David Bourget (Western Ontario)
David Chalmers (ANU, NYU)
Rafael De Clercq
Ezio Di Nucci
Jack Alan Reynolds
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OUP Oxford (2008)
The struggle which Plato has Socrates recommend to his interlocutors in Gorgias - and to his readers - is the struggle to overcome the temptations of worldly success and to concentrate on genuine morality. Ostensibly an enquiry into the value of rhetoric, the dialogue soon becomes an investigation into the value of these two contrasting ways of life. In a series of dazzling and bold arguments, Plato attempts to establish that only morality can bring a person true happiness, and to demolish alternative viewpoints. It is not suprising that Gorgias is one of Plato's most widely read dialogues. Philosophers read it for its coverage of central moral issues; others enjoy its vividness, clarity and occasional bitter humour. This new translation is accompanied by explanatory notes and an informative introduction.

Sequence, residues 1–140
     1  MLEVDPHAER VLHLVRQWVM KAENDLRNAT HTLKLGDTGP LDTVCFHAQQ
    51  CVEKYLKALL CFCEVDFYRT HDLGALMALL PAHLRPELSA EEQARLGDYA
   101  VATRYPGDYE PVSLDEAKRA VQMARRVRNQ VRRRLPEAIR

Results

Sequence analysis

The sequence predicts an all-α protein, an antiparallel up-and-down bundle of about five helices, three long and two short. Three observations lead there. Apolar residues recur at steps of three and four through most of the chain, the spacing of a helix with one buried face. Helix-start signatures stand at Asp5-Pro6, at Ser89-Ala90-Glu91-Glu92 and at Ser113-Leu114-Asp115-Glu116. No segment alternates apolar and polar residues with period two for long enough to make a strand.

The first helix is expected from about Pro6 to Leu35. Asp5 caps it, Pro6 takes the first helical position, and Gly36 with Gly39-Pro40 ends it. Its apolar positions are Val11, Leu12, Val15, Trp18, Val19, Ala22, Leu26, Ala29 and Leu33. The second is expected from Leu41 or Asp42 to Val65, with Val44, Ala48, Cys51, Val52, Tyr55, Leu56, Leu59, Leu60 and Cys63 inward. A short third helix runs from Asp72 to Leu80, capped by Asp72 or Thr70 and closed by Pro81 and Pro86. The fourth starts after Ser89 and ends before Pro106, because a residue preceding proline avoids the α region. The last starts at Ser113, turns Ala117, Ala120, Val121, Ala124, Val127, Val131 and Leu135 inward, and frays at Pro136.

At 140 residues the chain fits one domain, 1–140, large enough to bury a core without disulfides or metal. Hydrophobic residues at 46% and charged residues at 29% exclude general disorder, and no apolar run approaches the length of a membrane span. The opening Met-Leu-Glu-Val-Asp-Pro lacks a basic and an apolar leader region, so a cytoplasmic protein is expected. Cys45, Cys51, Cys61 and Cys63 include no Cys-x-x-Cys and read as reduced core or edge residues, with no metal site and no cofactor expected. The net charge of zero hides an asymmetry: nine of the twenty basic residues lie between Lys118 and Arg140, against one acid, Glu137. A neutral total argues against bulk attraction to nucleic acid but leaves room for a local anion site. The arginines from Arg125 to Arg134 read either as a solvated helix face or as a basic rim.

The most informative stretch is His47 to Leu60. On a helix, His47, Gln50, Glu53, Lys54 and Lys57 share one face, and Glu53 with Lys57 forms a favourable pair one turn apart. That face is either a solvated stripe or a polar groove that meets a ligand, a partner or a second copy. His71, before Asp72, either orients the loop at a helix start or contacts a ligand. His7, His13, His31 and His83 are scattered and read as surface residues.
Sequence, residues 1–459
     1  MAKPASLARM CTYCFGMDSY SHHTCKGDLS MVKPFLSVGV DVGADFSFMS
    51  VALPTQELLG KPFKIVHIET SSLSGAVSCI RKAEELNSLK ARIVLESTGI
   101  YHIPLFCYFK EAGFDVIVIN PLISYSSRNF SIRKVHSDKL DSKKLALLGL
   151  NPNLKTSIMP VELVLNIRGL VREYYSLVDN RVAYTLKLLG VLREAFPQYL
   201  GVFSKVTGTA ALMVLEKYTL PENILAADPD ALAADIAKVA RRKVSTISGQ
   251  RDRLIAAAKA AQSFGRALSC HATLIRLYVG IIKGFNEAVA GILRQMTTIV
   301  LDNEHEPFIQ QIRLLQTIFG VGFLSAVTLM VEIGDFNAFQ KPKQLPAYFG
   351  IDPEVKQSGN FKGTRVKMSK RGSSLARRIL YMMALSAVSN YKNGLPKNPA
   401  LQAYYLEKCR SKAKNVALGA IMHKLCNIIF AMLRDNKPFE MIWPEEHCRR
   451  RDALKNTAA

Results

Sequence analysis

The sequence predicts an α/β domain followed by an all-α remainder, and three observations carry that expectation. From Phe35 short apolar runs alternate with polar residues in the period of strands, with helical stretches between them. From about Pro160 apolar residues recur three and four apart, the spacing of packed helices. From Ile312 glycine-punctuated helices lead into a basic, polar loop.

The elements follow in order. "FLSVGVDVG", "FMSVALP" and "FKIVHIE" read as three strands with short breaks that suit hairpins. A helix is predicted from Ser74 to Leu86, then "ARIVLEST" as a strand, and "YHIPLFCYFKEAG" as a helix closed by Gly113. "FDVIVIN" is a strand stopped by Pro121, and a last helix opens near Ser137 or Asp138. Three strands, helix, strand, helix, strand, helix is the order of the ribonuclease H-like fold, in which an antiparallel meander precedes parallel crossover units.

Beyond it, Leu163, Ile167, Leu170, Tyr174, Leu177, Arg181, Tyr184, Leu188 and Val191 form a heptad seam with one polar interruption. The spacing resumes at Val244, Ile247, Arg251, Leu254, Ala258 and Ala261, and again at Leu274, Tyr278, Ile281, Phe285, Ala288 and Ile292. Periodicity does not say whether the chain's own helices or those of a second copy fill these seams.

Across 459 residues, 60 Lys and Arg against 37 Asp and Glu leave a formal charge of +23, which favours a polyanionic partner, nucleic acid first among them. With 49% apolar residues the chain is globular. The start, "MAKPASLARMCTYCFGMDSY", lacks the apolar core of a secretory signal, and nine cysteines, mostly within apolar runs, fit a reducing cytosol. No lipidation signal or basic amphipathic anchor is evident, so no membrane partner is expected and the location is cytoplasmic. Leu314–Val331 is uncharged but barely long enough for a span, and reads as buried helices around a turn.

|Keywords||Ethics Early works to 1800 Political science Early works to 1800|
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|Call number||B371.A5.W37 2008|
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Domènec Melé (2009). Integrating Personalism Into Virtue-Based Business Ethics: The Personalist and the Common Good Principles. Journal of Business Ethics 88 (1):227-244.
Rachel Barney (2010). Gorgias' Defense: Plato and His Opponents on Rhetoric and the Good. Southern Journal of Philosophy 48 (1):95-121.
Calvin L. Troup (2009). Ordinary People Can Reason: A Rhetorical Case for Including Vernacular Voices in Ethical Public Relations Practice. Journal of Business Ethics 87 (4):441-453.
Susan C. Jarratt (1990). The First Sophists and Feminism: Discourses of the “Other”. Hypatia 5 (1):27-41.
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